Let me start by saying this, I’m an AFL person. I have always been an AFL person. My allegiance to the Broncos in the NRL is more to do with it being tied to my birthplace than any hardcore support like that I reserve for my beloved Carlton.
So this article may well come as a surprise to some.
We’re hearing all sorts of numbers and theories concerning the NRL TV rights deal.
One thing is certain – it will be a lot more than the current arrangement. Given the scope of the AFL broadcast deal and given similar, if not better, ratings to the AFL, it should be patently obvious that the previous rights were woefully undervalued for a variety of reasons.
However, these have nothing to do with this article.
Supporters of the AFL are milling about various forums including The Roar with the idea that the NRL cant get as much as the AFL, expressing the view that the AFL is more national and thus more deserving of the greater slice of TV revenue. Yet, viewing numbers on Foxtel and elsewhere indicate support levels are almost the same.
Then there’s content.
The Foxtel AFL deal includes the Under 18s championships, the Foxtel Cup, the NAB Cup preseason competition, and nine games a week live on Foxfooty and Fox Sports 1. The Channel Seven AFL deal includes the NAB Cup grand final, and four games a round simulcast on Fox. Both outlets will show the finals and grand final. Telstra have the mobile and internet rights. With contra, this garnered the AFL 1.253 billion dollars – a record for Australian sport.
The NRL has plenty of content, eight games a week – the season is two weeks longer – and the Toyota Cup. Then there is representative fixtures including City v Country, Kangaroos Test matches, the World Club Challenge and the big daddy of rugby league in Australia, State of Origin. There are calls from some quarters for a pre-season tournament, as well as a return to reserve grade. There may even be an extra game if expansion is approved during this deal.
Oh, and then theres the New Zealand rights. I’d suggest that the NRL has plenty of content to offer.
Then there is obviously ratings. Theres no denying that while home and away games run neck and neck with the AFL – especially this year, Origin blows everything away with the exception of the AFL grand final. No matter how you interpret the ratings from Oztam and RegionalTam, the NRL rates highly despite most of its ratings originating in two states (and three of the four biggest ratings areas).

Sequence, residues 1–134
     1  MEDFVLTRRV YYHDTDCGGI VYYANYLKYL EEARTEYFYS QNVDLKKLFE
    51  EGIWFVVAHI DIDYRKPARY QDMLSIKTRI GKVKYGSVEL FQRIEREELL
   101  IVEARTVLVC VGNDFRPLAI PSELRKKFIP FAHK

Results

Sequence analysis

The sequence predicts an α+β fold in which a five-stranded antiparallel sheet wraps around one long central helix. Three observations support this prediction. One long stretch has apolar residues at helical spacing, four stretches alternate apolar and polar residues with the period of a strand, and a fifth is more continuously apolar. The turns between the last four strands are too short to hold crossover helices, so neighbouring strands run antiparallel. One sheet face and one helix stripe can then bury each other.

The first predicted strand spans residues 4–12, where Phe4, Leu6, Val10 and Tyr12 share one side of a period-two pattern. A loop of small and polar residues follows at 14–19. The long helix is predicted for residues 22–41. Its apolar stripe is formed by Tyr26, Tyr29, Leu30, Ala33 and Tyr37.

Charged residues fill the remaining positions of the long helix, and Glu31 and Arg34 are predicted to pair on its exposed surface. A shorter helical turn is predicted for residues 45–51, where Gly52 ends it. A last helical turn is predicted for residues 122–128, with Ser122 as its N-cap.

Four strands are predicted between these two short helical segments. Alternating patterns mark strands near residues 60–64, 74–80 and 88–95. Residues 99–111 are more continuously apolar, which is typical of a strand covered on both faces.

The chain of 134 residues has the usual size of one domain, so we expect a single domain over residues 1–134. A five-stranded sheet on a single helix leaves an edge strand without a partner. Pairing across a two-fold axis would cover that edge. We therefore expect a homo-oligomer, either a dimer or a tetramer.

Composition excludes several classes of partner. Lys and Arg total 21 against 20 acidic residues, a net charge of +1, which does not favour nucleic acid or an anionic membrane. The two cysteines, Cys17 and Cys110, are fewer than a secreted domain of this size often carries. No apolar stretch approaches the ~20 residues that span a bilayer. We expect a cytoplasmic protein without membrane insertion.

It remains a phenomenon that isn’t matched even in Melbourne – Sydney viewers of the NRL usually outnumber Melbourne viewers of the AFL. Melbourne is meant to be AFL mad, whereby Sydney is meant to be less earnest in its pursuit of the NRL (although such opinions are generally based on crowds, which has little or nothing to do with TV ratings).
Finally, what was once lambasted in league media as a shortsighted arrangement, the NRL deal being negotiated after the AFL deal will be seen as a moment of genius when the dust settles. The Independent Commission will have a year to see how the AFL handles its arrangements with simulcasting and anti-siphoning legislation. The Commission will then be able to iron out those bugs during the process. Likewise, with free-to-air broadcasting and digital channels. In short, the NRL will get similar benefits, without many of the problems. Some predict – including myself this time last year – that the NRL figure would be about $850 million. We are going to be wrong.
The NRL has undergone massive changes in the lead-up to the season. Theres a new Commission made up of genuine business people and several previous obstacles to progress have been removed.
The News Limited and Fox entanglement is almost gone, and for the first time in years, the NRL has a genuine chance to put a firm foot on the sporting landscape. There’s a determination to do better that has been absent for some time.
On every relevant benchmark, they meet or exceed, the AFL on raw data.
They’ll get the billion. They deserve it.